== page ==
I watched an episode of The Inside Pitch with Christopher McQuarrie on Screenwriting Contests. He invited four screenwriting competition readers to discuss, among other topics, what kind of protagonist mistakes are common.
Jack Dannibale said that one of the biggest mistakes new writers make is creating a protagonist who doesn’t do much or anything at all. Instead the screenwriter splits the actions and decisions among other characters. Things just happen to the protagonist. Protagonists should be the one making the decisions and doing all the interesting things.
When Dannibale was in grad school, one of the assignments his professor gave students was to write a screenplay in which the protagonist was in every scene. This exercise makes it clear how important the character and their actions are to a script.
Connie O’Donahue said that having a passive protagonist is problematic, because “we want them to drive the script.” Viewers put themselves in the shoes of the protagonist, so they want to be in the center of the action.
Protagonists don’t have to be likable, but they have to be compelling. And they are compelling when they are making things happen, not waiting for things to happen to them.
We root for the compelling protagonist.
Be a compelling protagonist
This was great writing advice and great life advice. We are the protagonists in the stories that are our lives. Wouldn’t life be more interesting if we made things happen, rather than waiting for things to happen? Wouldn’t we and our lives be more compelling? I found myself texting and inviting a neighbor to lunch, then asking my sister if she wanted to take her high school senior on a college tour weekend with me and my senior. It felt nice to make things happen even in these small ways.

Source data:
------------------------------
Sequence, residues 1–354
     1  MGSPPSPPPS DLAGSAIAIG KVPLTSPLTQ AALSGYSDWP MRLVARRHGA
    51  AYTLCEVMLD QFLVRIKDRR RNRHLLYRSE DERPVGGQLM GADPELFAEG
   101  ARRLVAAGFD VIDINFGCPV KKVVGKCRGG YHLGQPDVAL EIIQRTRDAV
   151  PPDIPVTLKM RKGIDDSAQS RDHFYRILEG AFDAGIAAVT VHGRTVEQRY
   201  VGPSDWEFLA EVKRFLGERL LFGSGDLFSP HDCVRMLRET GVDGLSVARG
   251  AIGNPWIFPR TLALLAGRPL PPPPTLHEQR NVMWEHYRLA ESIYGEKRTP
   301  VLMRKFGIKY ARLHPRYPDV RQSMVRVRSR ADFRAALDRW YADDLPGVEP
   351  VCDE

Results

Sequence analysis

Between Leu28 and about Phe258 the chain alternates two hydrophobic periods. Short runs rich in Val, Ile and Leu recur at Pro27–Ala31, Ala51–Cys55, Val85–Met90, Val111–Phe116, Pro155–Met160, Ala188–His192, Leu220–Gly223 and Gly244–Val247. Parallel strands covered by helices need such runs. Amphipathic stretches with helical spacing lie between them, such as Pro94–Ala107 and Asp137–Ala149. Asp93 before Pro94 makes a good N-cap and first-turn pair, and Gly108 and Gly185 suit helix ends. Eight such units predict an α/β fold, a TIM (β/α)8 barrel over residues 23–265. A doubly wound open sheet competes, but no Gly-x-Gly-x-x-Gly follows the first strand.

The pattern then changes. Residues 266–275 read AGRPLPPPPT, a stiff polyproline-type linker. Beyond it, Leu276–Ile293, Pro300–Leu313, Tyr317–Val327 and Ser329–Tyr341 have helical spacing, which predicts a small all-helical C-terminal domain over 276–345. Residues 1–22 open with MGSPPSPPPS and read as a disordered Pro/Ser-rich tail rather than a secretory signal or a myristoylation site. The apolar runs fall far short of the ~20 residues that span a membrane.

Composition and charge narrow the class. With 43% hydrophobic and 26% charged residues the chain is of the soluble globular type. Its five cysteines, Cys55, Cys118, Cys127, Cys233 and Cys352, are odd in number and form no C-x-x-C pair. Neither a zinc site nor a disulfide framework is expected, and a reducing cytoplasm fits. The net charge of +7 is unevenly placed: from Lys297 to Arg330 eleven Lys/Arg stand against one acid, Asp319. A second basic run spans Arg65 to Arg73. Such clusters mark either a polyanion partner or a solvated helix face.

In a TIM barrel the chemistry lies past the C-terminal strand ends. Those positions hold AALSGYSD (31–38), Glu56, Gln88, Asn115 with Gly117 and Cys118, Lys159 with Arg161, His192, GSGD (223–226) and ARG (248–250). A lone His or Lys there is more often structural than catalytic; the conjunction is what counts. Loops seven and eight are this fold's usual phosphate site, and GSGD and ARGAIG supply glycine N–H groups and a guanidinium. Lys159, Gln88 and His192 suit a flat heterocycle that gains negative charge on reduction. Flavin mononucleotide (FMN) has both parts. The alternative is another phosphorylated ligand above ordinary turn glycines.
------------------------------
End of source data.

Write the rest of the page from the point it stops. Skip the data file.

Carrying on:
Meditation: What do you long for?
Take a few minutes to relax and breathe. Arrive in the present. Take note of where you are in this moment. Ask yourself what it is you long for. Notice what sensations or thoughts arise in your body. Is it companionship? Is it answers? Connection? Think of what action you can take–a text/a call, reading a book that nourishes you, creating something, a walk through the neighborhood or in the woods.
Writing Prompt: Do it for the story
This is an assignment I gave to my students at Temple University in my Creative Acts course. I loved teaching that class; we covered poems, essays, short stories, and plays in one semester.
For “Do It for the Story,” I asked my students to do something specifically just so they could write about. Eat at new restaurant. Check out an unfamiliar neighborhood. Sit in a different seat in class and strike up a conversation. Have that talk with your roommate. Ask that question. Try out for that play or club. But don’t do anything dangerous!
You can do the same. Think of something you’ve been meaning to do or wanting to do. Or, maybe something will come up spontaneously; be on the lookout. Just do it. But take notes and write about it.